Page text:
Olukonda Monument & Museum

The history of Olukonda dates back to 1871 when Finnish missionary Martti Rautanen came to the wild Namibian frontier. He gained the nickname "Nakambale" from the local communities which means "the man with the hat" in Owambo. Rautanen served the local community with vigor and also translated the bible into the local Ndonga language. He passed away in 1926 and is buried in the local cemetery along with his family and many royal figures throughout the years. The first church was built by him in 1889 and both it and his house still remains today. The area was proclaimed a national monument in 1992, the same year it was renovated with help from the Finnish Government. The monument is located amidst a stunning landscape of makalani palms and traditional farmsteads on a sandy road roughly 13km from the town of Ondangwa.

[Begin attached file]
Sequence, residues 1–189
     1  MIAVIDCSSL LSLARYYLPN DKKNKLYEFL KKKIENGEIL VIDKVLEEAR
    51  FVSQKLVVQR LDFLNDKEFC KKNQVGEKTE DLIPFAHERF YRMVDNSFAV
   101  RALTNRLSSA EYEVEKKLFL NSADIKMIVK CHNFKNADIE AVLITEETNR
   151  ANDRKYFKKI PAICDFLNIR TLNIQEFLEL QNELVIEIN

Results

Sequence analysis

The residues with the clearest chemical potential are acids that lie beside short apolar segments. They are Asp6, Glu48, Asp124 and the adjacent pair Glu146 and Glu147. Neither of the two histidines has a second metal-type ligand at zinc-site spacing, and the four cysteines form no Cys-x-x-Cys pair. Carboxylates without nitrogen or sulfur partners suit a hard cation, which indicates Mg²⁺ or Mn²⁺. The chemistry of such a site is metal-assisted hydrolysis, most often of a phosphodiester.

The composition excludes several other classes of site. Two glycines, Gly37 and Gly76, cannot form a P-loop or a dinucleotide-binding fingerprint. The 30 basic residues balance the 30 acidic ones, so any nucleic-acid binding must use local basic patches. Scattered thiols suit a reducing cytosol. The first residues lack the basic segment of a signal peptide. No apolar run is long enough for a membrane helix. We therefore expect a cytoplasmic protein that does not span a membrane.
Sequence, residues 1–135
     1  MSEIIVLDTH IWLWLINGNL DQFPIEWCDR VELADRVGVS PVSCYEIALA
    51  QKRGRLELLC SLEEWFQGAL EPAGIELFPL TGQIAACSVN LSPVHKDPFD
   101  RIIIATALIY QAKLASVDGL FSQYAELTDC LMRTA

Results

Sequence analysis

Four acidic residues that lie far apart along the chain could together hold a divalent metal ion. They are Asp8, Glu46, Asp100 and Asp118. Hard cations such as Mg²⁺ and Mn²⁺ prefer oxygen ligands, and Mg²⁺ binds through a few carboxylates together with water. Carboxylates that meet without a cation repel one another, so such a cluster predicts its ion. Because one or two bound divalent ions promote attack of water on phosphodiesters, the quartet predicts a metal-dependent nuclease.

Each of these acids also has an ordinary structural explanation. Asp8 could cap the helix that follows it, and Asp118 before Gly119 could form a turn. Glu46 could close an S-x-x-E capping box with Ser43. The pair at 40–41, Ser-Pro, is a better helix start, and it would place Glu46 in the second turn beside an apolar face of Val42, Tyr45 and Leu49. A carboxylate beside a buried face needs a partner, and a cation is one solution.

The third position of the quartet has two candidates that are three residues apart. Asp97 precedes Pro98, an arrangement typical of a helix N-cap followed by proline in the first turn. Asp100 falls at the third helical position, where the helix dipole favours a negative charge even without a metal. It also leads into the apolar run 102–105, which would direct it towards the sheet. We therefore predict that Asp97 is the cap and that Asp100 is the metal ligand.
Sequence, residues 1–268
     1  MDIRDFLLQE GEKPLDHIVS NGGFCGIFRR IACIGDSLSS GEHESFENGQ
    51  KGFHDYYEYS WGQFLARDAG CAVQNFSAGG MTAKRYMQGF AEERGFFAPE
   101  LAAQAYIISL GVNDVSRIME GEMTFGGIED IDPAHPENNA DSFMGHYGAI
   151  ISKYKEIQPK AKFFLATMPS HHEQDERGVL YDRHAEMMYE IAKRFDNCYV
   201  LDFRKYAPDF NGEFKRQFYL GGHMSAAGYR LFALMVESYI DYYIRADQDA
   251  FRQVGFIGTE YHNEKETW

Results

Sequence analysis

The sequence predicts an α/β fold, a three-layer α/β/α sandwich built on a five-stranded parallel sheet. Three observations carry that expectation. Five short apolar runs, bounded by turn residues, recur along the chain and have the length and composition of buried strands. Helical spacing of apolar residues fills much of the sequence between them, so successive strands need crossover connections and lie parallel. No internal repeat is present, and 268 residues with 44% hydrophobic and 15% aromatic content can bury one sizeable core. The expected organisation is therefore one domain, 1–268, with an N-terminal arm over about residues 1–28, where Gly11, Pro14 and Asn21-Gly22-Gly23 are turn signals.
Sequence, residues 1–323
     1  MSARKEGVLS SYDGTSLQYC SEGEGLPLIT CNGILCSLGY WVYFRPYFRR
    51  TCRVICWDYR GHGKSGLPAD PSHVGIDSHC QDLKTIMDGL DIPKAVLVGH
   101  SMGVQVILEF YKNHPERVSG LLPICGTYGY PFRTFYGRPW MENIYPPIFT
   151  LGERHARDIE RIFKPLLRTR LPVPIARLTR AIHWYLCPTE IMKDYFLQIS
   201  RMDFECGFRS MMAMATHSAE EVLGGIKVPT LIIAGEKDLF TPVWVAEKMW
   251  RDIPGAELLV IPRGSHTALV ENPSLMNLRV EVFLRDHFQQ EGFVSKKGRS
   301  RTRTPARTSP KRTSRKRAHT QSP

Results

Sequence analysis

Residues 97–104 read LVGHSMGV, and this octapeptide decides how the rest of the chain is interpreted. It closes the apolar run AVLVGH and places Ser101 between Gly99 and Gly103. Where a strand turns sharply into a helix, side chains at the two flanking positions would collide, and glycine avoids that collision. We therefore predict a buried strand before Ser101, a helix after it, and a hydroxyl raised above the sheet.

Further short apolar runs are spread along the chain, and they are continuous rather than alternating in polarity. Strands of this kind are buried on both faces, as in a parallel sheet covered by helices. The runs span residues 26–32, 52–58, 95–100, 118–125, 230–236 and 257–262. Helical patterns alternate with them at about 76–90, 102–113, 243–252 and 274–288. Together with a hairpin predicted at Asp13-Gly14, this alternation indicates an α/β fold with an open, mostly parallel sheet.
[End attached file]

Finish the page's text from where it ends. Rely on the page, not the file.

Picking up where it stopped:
The museum was named in honor of Finnish missionary Martii Rautanen, whom the local Owambo communities called Nakambale or "the man with the hat". It brings to life the traditional ways of the Owambo through a real size traditional village setup as well as the lives and ways of Martti Rautanen and his family. It recreates scenes of missionary life as well as the history of the area and its past kings. The current king of Ondonga, Immanuel Kauluma Elifas, lives not far from Olukonda and is a benefactor of the museum. The myriad of extensive displays transports the visitor back to an era of wildest Africa and the people who made their homes here. Traditional ways, meals and entertainment adds to the ambience with a wide range of accommodation options available.